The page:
More of an affectionate tribute than an in-depth portrait, “The King of Luck” is an amiably sketchy doc about Willie Nelson — singer, songwriter, charismatic performer, beloved icon and all-around living legend — that seems best suited for release as a DVD packaged with a deluxe-edition greatest-hits CD. Directing his first pic since the ill-starred “All the Pretty Horses” (2000), Billy Bob Thornton approaches his subject as a starstruck aficionado, offering nothing more substantial than admiring testimonials and amusing anecdotes from Nelson’s friends, fellow musicians and family members. Other fans may be enthralled, but there’s little here to intrigue the uninitiated.
Indeed, Thornton appears to presuppose that anyone opting to view “King of Luck” already knows the major details of Nelson’s professional career and private life. Pic provides only cursory biographical background, and often is distractingly vague while alluding to career milestones, painful tragedies — including the death of a son — and assorted brushes with the law. Even the docu’s title might be confusing to anyone who doesn’t know that Luck actually is the name of Nelson’s Austin-area ranch, and not a small town Nelson may have purchased or established somewhere.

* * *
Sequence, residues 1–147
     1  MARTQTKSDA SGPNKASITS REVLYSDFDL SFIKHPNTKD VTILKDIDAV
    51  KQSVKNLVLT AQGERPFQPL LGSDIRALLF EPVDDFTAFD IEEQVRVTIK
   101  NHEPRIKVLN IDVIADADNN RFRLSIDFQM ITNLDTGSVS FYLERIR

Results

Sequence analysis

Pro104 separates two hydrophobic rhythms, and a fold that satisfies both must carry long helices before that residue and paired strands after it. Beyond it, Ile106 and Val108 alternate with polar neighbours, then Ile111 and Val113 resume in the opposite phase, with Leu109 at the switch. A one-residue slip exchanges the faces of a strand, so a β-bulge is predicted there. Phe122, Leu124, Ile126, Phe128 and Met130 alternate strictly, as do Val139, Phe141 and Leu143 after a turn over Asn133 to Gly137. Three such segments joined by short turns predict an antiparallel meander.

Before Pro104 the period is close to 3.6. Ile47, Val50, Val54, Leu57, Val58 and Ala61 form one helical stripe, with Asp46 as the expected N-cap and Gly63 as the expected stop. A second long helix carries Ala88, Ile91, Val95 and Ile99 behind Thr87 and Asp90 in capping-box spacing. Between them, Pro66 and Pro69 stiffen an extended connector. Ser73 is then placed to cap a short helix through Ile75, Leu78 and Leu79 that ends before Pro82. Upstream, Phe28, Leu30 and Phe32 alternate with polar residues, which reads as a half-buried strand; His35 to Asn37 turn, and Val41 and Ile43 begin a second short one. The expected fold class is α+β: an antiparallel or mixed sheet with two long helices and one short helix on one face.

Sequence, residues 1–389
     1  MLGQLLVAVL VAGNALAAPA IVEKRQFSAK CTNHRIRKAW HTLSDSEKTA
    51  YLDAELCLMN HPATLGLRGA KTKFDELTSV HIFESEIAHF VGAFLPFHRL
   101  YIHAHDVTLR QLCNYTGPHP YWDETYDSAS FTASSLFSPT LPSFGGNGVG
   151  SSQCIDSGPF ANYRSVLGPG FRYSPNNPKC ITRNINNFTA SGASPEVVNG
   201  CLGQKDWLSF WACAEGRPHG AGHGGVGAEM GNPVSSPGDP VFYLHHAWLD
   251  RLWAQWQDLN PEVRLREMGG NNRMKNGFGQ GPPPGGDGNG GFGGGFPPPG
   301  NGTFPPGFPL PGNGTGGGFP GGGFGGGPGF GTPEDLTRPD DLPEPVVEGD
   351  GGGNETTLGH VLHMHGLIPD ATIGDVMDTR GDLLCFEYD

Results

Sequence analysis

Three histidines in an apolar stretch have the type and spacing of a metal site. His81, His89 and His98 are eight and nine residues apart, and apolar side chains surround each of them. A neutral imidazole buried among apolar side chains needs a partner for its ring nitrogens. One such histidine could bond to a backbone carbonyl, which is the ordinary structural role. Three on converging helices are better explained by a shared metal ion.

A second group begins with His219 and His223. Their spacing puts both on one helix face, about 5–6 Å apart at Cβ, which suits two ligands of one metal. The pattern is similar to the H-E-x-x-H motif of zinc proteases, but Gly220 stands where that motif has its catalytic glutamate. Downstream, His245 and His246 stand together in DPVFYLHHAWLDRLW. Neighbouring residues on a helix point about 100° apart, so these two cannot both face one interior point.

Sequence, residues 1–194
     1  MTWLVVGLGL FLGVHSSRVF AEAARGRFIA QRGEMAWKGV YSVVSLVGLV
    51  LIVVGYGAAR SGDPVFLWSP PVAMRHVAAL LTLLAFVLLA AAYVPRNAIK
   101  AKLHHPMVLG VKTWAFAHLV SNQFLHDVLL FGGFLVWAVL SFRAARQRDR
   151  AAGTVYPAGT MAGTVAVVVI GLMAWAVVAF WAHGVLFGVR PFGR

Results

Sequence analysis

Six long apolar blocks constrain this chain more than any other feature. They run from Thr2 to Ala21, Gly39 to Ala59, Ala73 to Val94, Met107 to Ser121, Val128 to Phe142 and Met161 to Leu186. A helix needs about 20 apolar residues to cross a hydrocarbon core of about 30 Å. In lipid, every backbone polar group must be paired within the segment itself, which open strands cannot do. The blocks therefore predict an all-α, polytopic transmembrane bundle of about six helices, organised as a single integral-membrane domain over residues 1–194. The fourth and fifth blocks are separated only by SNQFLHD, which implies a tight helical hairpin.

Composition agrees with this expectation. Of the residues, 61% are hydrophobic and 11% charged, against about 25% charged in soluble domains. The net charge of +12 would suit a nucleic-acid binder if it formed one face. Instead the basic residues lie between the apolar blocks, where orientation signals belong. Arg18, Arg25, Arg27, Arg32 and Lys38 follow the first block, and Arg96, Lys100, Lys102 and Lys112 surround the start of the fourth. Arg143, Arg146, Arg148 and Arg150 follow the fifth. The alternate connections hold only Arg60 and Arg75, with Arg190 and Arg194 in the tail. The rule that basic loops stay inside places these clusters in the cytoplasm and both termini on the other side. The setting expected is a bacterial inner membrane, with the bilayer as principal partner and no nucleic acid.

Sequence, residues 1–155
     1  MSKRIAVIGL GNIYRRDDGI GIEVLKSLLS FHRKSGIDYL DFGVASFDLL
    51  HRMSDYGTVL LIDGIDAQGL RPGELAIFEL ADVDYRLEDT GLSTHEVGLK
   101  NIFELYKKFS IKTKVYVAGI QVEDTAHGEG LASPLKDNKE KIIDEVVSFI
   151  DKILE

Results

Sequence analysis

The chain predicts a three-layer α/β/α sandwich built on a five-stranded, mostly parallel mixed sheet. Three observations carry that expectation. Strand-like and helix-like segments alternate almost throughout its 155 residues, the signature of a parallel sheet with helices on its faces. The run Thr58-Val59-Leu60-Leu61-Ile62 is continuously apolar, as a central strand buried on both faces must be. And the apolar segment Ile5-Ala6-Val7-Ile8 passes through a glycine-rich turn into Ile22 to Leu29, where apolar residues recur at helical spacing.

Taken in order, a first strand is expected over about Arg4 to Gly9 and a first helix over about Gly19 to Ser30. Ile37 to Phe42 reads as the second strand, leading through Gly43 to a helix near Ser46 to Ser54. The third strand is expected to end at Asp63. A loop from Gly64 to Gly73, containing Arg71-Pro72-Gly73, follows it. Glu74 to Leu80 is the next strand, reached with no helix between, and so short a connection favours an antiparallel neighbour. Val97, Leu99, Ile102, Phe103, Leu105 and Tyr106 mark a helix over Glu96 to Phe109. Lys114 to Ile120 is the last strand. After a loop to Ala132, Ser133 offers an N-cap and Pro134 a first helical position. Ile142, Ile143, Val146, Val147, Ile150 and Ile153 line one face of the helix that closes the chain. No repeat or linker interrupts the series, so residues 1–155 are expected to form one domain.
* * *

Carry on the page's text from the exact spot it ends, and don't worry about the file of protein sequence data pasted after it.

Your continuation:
On the plus side, Afshin Shahidi’s attractive black-and-white lensing enhances the talking-heads interviews and sporadic musical performances. (Some still photos have an arresting Ansel Adams look.) And Thornton effectively teases the audience by delaying interviews with Nelson himself until relatively late in the pic, after several other notables (along with his wife, children and band members) have had their say.
Some of the interviews and quite a bit of the archival footage underscore Nelson’s enduring influence as a songwriter. The late Faron Young, who had a big hit with Nelson’s “Hello, Walls,” appears here in a vintage clip to boisterously express his gratitude. Other artists, ranging from Ray Price to Kris Kristofferson to Woody Harrelson, pay their own respects in jokey but sincere interviews conducted for the doc.
Unfortunately, Thornton doesn’t quite manage to develop a throughline for his material. As result, his pic lacks narrative momentum and feels ready to end two or three times before it actually does.